Visiting Dr. Giggleman’s on-campus clinic is always an adventure. Yesterday, I picked an open spot at the end of the room so that B’Elanna wouldn’t have to meet-and-greet a lot of dogs. She prefers to acknowledge another dog’s presence and then move on. Most dogs want to give her the Big Sniff and some dogs want to *gasp!* play with her. She is a fan of neither, so I try to help her out as best I can. We were, however, adjacent to a Doberman who would’ve liked to have had Katie for a snack. Given that, he was actually very well-behaved and only barked at her once. I’m sure that scared the living daylights out of her, but if she has kitty PTSD, she didn’t show it.
I plied her with wet food morsels and B’Elanna with treats while we waited.
When we were finally in the exam room, the Buglet just did not want to come out of her crate. She pulled her “Pepe LePew’s girlfriend” stunt on me. You know how Penelope just turns into a limp dishrag and slips right out of Pepe’s grasp? The technician sort of motioned to me that I should scruff her. “Oh no-no-no!” I said, “she turns into the Tasmanian devil when you do that!” I moved her crate so I could reach in and scoop her out in all her hissing, growling glory. She calmed down when I sat her down on the baby scale. More wet food morsels and she finally stopped growling at me. Sort of.
And then…a horrible racket, the sound of a wild animal about to attack, came from the next room. And of course, Katie freaked out a little bit. B’Elanna and I did, too! There was, actually, a wild animal in the next exam room – a three month old motherless raccoon who was having trouble walking. And was not happy about having his spine adjusted, thank you very much!
After that experience, I figured Katie and B’Elanna would be a piece of cake.
While Dr. G looked at her x-rays, I was reading a wall poster (really, I should bring a book to the vet!) when I turned around and Katie was sitting right at the edge of the table staring at me. That could only mean “more wet food, please!” so of course I obliged, well-trained human that I am. It was encouraging to see her acting like her normal self! Alas, it was not long-lived.
Dr. G wanted me to look at the x-rays with him, so I had to go to another room. I didn’t want to risk Katie jumping off the table and I didn’t want to put her back in her crate – and have to take her out of it again – so I scooped her up and took her with me. Bad idea! She hissed and growled and spit the whole time. Sorry, Dr. G!
Dr. Giggleman only saw one other thing on the x-ray than Dr. Tate did. In addition to severely arthritic knees, she also has an arthritic vertebra. (I was wrong about her pelvis – yay!!)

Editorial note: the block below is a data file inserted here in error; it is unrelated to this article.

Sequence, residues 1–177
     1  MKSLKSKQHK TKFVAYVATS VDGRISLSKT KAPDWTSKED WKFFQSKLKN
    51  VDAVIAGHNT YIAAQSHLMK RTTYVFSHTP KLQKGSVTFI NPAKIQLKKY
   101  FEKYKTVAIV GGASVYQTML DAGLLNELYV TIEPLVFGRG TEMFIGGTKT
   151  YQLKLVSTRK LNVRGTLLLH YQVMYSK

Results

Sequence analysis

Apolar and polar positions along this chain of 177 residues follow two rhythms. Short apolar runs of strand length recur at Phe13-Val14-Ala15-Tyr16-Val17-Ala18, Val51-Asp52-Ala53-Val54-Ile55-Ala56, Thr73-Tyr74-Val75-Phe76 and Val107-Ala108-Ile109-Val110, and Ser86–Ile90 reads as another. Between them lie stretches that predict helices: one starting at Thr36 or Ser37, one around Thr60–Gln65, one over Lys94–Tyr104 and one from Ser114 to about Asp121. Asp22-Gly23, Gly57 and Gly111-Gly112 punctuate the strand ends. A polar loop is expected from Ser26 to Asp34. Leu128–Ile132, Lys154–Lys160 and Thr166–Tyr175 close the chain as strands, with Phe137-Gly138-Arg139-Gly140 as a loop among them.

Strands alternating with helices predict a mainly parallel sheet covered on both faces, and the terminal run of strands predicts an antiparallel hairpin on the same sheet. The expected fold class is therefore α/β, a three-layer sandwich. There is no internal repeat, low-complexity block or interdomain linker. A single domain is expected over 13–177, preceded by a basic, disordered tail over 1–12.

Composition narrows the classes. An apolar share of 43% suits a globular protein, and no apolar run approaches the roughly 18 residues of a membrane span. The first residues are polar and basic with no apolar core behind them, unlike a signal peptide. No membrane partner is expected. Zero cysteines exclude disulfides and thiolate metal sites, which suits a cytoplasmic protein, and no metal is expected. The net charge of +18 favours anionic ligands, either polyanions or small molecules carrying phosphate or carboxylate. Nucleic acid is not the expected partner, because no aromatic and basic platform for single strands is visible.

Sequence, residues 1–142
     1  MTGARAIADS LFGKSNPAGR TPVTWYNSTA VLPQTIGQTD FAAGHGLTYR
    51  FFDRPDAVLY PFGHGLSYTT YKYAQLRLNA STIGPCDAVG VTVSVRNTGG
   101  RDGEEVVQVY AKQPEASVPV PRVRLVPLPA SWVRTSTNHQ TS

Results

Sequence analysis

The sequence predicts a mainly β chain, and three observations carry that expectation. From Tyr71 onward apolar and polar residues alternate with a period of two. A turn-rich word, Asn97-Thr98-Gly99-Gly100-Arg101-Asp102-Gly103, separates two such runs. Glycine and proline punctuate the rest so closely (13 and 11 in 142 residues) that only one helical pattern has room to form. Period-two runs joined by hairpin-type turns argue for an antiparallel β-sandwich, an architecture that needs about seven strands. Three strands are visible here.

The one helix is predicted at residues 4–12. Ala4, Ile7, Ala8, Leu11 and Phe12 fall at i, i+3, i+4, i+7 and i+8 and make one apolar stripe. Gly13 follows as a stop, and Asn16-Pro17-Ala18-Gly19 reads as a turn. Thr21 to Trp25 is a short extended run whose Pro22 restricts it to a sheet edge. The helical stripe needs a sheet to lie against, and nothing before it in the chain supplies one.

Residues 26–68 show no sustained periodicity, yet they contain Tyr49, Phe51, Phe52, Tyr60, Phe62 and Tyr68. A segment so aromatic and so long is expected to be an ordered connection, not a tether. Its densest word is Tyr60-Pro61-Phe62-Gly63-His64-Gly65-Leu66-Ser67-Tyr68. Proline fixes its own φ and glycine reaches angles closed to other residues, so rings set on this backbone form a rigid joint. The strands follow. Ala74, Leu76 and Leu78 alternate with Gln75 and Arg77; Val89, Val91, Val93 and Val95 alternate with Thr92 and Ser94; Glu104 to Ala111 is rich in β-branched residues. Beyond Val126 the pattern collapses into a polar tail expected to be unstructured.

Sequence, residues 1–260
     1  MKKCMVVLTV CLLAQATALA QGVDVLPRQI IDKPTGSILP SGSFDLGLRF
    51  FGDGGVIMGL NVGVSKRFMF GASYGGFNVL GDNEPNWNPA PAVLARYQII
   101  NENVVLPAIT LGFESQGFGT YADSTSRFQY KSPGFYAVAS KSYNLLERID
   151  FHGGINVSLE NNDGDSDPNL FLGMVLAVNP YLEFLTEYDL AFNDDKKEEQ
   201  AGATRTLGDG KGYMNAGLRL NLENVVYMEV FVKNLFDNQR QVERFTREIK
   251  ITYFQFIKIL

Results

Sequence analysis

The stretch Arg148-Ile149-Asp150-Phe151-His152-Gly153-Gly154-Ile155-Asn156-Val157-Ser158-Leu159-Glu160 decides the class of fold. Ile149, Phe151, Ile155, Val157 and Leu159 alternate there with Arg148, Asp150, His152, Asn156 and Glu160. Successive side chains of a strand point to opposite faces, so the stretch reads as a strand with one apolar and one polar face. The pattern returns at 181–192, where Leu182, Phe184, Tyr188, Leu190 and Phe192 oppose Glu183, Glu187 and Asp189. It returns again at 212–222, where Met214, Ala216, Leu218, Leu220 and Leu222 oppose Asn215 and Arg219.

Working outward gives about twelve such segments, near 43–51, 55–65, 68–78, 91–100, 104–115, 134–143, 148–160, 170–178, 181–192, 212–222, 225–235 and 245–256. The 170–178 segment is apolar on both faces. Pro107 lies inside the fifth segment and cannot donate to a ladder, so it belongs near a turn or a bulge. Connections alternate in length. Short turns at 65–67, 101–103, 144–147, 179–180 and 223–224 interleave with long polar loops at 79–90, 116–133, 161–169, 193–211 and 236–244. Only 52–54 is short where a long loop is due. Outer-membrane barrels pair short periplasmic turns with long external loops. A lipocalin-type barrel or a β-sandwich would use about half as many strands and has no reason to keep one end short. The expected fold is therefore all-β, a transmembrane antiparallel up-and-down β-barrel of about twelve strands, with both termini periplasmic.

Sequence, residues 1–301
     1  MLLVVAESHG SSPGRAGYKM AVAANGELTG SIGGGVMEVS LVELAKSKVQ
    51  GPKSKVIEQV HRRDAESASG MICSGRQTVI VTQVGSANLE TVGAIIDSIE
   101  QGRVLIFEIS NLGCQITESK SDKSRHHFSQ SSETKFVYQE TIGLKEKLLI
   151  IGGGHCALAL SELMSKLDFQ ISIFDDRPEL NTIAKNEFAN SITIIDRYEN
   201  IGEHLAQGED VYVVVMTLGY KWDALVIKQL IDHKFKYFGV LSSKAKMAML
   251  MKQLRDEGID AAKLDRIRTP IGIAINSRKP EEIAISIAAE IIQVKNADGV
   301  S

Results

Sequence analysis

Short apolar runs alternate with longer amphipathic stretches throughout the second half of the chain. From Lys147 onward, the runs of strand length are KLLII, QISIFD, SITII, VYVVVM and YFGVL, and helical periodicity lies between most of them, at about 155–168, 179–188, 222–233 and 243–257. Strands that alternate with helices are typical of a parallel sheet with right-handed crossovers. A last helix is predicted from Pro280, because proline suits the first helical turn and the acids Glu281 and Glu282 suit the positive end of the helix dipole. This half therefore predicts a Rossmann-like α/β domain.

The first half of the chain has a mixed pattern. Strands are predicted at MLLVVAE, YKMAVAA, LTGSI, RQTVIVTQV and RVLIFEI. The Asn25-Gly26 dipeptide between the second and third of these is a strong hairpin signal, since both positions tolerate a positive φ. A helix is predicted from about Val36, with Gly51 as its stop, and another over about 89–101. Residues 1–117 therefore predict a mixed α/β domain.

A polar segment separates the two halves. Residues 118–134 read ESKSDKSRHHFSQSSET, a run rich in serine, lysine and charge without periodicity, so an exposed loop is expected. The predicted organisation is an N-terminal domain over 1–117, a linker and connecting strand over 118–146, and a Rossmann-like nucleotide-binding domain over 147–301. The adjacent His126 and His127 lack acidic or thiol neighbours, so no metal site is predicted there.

Otherwise, her spine looked great. It did not, however, feel great. Dr. G explained that while everything looked just fine, when he manually checked her spine, the movement in the vertebrae was not good. He adjusted her from head to tail…and she was pretty darn feisty about it. Fortunately, the good doctor has quick reflexes!
I’ll keep giving her the glucosamine supplements and see if I can get her walking more. Regularly scheduled playtime with Mommy won’t bother her a bit, I’m sure! You can’t reverse arthritis, but supplements and exercise can help. There are all kinds of medications and supplements you can give dogs to help with arthritis pain and inflammation, but most of the drugs and supplements we give dogs are toxic to cats. Even something as innocuous as salmon oil – which I give to the pups – will cause diarrhea if she gets too much. Um…no thanks! Not fun for the human, not fun for the kitty cat.
This morning, Katie’s walking gate is almost normal. She’s meowing and happy. Mission accomplished!
And B’Elanna? She hid under the chairs most of the time we were in the waiting room. In fact, she was hiding under the chair when a lady came over to say hi to her. This girl was there with a friend and was not dog-savvy. Since B’Elanna was under the chair beside me, I couldn’t see her. The girl, who was crouched down in front of B’Elanna extending her hand, looked up at me, “Will she bite?” I hesitated because I didn’t know how to answer that question. It’s been so long since B’Elanna’s bitten anyone, that I forget that she came to me because she had a bite history. “Well, she tried to bite a little girl once…” I said, and about that time, she snapped and the girl jumped back. The girl was very nice about it, admitting it was her fault and that she was just barely nipped. Still, I didn’t manage that situation very well for my dog or the girl. File that under lessons learned.
B’Elanna got her adjustments like a champ, though. I think she tends to do well when doctors or groomers handle her. But I like to think it helped that I was there doling out the treats. This morning, she’s running and jumping and playing and bossing her sisters around. Another mission accomplished!